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Richmond Bicentenary

From December 2023 to March 2024, Richmond Bicentenary commemorated the town and its valley.

Van Diemen’s Land (lutruwita/Tasmania) was established on the Derwent River by the British in 1803.

For millennia, the lands to the river’s east had been the home of the Oyster Bay nation. Their river valley, the district now known as Richmond and the Coal River Valley, was firestick-farmed and hunted and fished by the Mumirimina people, and the river was an important crossing and meeting point for the Oyster Bay and Big River people.

By 1808, land grants along the Coal River encroached further east. The new occupiers also saw the significance of the location and a bridge over the river was commenced in 1823, with the town of Richmond being proclaimed in February 1824. As a police district, it had a role in preventing traditional owners from using their lands and contributed to the ultimate destruction of the Mumirimina band.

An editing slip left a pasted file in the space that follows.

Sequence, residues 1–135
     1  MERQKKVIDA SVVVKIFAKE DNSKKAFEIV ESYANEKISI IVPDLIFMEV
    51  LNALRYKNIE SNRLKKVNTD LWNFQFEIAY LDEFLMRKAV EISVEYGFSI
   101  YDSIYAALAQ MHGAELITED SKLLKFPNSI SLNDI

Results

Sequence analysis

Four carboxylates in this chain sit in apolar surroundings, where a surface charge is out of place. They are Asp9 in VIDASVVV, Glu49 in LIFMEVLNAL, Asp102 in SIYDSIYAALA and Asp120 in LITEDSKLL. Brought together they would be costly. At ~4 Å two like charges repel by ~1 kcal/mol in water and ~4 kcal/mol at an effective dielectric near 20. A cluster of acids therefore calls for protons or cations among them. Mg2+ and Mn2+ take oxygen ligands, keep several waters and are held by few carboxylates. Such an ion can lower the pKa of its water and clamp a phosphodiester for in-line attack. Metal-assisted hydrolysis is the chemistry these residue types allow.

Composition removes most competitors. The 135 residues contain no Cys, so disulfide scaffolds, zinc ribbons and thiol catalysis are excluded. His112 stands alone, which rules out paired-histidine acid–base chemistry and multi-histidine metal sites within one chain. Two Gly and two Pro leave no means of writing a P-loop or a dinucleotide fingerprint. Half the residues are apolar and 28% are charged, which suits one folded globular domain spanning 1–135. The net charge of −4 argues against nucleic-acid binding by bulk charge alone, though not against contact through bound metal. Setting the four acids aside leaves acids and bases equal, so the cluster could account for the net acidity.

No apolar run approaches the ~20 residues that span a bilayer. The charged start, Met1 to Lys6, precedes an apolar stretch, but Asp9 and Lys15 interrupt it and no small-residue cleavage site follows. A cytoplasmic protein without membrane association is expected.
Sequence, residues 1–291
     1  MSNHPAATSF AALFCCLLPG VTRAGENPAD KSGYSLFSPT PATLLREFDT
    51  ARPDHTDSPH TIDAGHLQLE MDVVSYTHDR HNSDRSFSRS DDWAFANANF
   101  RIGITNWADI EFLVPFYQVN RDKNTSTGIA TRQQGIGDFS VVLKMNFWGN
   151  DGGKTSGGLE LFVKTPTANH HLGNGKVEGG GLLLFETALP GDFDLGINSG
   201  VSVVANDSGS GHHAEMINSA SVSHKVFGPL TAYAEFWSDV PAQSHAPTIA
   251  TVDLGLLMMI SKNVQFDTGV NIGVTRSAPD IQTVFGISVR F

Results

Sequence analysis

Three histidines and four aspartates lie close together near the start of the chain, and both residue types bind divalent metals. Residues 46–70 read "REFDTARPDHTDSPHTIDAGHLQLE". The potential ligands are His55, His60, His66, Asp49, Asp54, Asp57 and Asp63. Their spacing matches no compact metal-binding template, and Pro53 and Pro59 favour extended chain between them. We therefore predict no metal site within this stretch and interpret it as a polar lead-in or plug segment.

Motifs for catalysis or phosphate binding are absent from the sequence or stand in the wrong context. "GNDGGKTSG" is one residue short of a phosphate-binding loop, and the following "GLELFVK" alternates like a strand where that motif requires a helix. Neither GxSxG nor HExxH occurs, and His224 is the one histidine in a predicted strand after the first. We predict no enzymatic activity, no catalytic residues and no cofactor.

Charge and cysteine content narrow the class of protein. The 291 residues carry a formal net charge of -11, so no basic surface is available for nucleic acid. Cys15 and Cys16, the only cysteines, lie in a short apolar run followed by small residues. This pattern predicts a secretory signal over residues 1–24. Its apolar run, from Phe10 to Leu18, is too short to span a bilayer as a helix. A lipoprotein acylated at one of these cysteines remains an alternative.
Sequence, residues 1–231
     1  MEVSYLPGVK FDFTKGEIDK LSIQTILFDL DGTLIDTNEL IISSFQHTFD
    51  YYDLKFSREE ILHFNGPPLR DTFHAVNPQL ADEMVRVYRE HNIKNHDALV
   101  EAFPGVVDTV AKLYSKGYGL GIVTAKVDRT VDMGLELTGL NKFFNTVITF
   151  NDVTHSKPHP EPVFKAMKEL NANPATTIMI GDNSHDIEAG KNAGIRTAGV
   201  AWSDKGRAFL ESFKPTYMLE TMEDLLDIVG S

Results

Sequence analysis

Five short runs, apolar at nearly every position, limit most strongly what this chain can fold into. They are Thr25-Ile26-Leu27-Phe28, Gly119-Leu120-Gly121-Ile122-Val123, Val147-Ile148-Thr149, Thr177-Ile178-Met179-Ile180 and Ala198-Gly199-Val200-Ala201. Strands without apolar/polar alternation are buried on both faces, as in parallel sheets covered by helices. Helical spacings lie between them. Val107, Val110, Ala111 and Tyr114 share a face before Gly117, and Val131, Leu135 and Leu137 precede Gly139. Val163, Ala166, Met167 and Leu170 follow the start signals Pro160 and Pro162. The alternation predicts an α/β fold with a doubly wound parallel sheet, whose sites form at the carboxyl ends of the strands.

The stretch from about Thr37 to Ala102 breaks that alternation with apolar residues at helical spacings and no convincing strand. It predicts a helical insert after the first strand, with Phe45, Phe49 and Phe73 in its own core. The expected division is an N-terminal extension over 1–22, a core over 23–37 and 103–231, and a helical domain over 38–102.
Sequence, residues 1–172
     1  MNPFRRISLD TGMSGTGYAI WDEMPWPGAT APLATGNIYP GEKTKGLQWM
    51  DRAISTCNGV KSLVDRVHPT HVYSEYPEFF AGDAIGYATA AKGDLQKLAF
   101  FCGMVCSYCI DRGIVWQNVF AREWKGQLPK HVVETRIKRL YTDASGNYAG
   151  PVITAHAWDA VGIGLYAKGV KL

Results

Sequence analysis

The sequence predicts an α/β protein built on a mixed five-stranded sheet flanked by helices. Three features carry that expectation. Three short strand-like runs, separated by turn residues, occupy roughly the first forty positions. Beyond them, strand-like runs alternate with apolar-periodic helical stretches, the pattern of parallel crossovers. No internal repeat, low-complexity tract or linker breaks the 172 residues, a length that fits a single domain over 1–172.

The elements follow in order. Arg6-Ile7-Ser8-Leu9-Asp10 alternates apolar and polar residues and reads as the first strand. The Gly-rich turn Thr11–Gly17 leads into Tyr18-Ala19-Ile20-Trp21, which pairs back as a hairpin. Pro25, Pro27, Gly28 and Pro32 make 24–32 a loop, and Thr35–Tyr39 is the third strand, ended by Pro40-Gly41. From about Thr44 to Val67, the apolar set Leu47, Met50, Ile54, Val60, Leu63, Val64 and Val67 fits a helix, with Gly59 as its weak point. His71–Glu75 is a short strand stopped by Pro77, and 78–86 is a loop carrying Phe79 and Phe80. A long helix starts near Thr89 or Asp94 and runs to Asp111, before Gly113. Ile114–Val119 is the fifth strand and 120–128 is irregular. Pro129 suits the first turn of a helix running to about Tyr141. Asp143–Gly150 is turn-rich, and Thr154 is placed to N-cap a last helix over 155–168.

For around 70 years, Richmond was a key transit point, increasingly significant for agriculture, and a regional centre until it was bypassed by the causeways across Pittwater and the north-south rail line in 1873 and 1876 respectively.

Agriculture remained the core industry, but the town drifted into a century of neglect. In the 1970s, with increasing interest in heritage, Richmond began retelling its story as a tourism destination. Richmond’s proximity to Hobart and the airport, together with the valley’s fine wine industry, have enhanced its tourism appeal. In the 21st century, Richmond’s community is a mix of descendants of early residents, and people who chose to move into the area for its heritage charm, rural life, and proximity to the city.